Insider buying is when someone who works for a company purchases shares of the company’s stock. Executives of a company are mandated to report their activity to the SEC, which means the world has access to a record of their purchases. Consequently, insider buying transactions are watched by many investors and used as one way to determine if a stock is a buy or not. (Note: I’m not talking about insider trading.)
It’s not out of the ordinary to hear a case be made for a stock because of increased insider buying. The thought is that if the executives of a company are putting their money behind the company stock, they must know favorable conditions are at hand. This might be true, but I do not think it’s wise to use insider buying as a short-cut when determining if you should or should not buy a stock.
I’ll convey the point through a personal story. I couple years ago I was employed by a regional bank in California. The bank was owned by a holding company, which was housed in the same building I worked in. Many of the executives in the company were very involved in purchasing company shares, yet within a few years the company went from the teens to $0.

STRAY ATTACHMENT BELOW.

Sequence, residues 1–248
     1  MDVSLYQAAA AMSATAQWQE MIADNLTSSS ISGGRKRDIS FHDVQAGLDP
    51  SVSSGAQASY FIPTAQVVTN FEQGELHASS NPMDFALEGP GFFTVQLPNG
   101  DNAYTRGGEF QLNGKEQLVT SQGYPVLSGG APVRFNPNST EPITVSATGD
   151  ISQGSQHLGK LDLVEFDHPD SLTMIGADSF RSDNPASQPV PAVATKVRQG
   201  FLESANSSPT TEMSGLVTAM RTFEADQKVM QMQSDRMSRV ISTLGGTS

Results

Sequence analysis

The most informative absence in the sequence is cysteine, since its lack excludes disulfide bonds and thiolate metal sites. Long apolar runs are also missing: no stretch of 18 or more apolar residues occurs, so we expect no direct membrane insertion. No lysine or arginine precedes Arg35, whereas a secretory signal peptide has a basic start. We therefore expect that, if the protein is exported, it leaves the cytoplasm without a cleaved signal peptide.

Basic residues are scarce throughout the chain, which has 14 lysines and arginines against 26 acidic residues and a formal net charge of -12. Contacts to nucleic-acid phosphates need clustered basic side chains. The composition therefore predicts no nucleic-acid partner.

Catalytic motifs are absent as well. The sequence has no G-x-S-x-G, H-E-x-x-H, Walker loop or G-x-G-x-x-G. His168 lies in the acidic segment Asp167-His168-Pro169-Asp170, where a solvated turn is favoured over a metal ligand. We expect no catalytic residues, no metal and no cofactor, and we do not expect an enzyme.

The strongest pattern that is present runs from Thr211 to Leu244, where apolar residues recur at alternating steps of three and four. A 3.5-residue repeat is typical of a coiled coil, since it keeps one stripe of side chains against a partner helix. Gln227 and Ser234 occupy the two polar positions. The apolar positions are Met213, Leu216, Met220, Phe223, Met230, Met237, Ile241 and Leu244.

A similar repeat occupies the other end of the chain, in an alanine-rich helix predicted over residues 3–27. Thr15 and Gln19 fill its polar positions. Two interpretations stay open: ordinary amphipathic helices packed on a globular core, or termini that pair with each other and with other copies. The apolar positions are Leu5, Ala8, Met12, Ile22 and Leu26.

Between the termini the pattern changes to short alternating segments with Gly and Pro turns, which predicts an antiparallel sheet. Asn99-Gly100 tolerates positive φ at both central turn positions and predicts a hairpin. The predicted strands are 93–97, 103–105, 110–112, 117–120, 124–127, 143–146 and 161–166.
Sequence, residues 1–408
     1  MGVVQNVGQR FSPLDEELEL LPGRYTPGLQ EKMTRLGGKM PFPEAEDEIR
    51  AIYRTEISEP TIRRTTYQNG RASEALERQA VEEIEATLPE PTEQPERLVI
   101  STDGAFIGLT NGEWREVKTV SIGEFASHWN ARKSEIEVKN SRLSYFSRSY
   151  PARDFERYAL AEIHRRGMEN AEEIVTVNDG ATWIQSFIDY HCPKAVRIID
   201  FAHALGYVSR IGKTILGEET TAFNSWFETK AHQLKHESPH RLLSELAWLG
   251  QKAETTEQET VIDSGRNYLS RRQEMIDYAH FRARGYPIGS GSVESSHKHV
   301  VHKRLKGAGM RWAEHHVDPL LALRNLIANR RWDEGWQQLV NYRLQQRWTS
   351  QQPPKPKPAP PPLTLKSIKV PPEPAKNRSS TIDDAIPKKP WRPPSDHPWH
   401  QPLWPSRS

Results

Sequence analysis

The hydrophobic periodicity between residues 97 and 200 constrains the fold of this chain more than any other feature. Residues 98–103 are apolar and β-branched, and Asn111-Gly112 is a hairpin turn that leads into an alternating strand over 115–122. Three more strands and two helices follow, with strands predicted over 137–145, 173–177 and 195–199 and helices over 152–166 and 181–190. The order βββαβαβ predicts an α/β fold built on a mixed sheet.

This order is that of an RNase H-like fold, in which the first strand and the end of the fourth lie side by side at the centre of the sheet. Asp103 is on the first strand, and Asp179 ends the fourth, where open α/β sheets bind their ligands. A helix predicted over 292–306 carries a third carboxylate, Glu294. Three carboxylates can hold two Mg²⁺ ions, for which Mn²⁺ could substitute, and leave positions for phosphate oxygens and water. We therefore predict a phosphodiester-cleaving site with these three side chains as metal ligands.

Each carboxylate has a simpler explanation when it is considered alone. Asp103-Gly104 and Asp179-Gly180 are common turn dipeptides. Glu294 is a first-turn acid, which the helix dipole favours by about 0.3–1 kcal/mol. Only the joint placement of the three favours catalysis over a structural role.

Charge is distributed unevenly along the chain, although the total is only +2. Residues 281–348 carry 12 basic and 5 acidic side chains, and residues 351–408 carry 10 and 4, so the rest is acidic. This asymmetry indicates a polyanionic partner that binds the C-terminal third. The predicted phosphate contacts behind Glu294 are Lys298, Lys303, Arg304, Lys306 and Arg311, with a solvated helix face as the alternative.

The truth of the matter is the company gradually declined and was sold by the FDIC to another regional bank. What did these company executives see that others could not? Whatever it was, if anything at all, it turned out to be very wrong. The increase in insider transactions at the end of the day meant nothing to those attempting to get an edge on a prospective stock.
That’s one example. Other examples are out there. The point of the matter is that you should not put too much weight on an increase in insider buying. It’s great that company execs are buying stock, but that doesn’t mean abandon your research. Reporting on insider transactions is easy for reporters because it’s public and straight forward. Such reports also spike the interest of many observers who believe the information to be highly insightful. My argument is that it does not hurt to look at insider transactions, but do not throw every other piece of information aside and follow blindly.
I honestly do not take into account insider transactions when investing. If I come across the information I’ll give it some thought, but I do not typically seek out the information. I’d be interested if any readers currently use insider transactions as part of the stock selection strategy? Though I’m pretty dismissive of the information, I’m always open to learning new angles to approach stock research and selection.